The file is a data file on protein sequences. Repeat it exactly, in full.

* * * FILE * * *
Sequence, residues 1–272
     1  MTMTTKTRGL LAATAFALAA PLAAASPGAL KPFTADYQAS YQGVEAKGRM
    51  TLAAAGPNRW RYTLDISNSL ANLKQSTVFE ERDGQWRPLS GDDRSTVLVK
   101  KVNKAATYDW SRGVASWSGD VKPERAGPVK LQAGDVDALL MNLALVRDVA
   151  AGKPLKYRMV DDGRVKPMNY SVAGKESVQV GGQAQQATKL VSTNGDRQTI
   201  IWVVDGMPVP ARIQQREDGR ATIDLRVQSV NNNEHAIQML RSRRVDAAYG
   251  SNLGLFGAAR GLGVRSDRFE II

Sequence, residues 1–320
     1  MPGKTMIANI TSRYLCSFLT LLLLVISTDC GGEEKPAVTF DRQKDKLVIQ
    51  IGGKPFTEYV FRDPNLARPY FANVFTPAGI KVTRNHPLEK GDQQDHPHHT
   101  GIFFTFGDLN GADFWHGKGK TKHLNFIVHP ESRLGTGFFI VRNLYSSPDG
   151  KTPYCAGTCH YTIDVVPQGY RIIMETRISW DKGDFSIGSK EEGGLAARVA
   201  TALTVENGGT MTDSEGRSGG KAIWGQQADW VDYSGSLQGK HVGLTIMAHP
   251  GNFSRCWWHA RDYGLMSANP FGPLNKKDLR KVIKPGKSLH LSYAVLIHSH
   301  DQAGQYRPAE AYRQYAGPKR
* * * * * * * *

Sequence, residues 1–272
     1  MTMTTKTRGL LAATAFALAA PLAAASPGAL KPFTADYQAS YQGVEAKGRM
    51  TLAAAGPNRW RYTLDISNSL ANLKQSTVFE ERDGQWRPLS GDDRSTVLVK
   101  KVNKAATYDW SRGVASWSGD VKPERAGPVK LQAGDVDALL MNLALVRDVA
   151  AGKPLKYRMV DDGRVKPMNY SVAGKESVQV GGQAQQATKL VSTNGDRQTI
   201  IWVVDGMPVP ARIQQREDGR ATIDLRVQSV NNNEHAIQML RSRRVDAAYG
   251  SNLGLFGAAR GLGVRSDRFE II

Sequence, residues 1–320
     1  MPGKTMIANI TSRYLCSFLT LLLLVISTDC GGEEKPAVTF DRQKDKLVIQ
    51  IGGKPFTEYV FRDPNLARPY FANVFTPAGI KVTRNHPLEK GDQQDHPHHT
   101  GIFFTFGDLN GADFWHGKGK TKHLNFIVHP ESRLGTGFFI VRNLYSSPDG
   151  KTPYCAGTCH YTIDVVPQGY RIIMETRISW DKGDFSIGSK EEGGLAARVA
   201  TALTVENGGT MTDSEGRSGG KAIWGQQADW VDYSGSLQGK HVGLTIMAHP
   251  GNFSRCWWHA RDYGLMSANP FGPLNKKDLR KVIKPGKSLH LSYAVLIHSH
   301  DQAGQYRPAE AYRQYAGPKR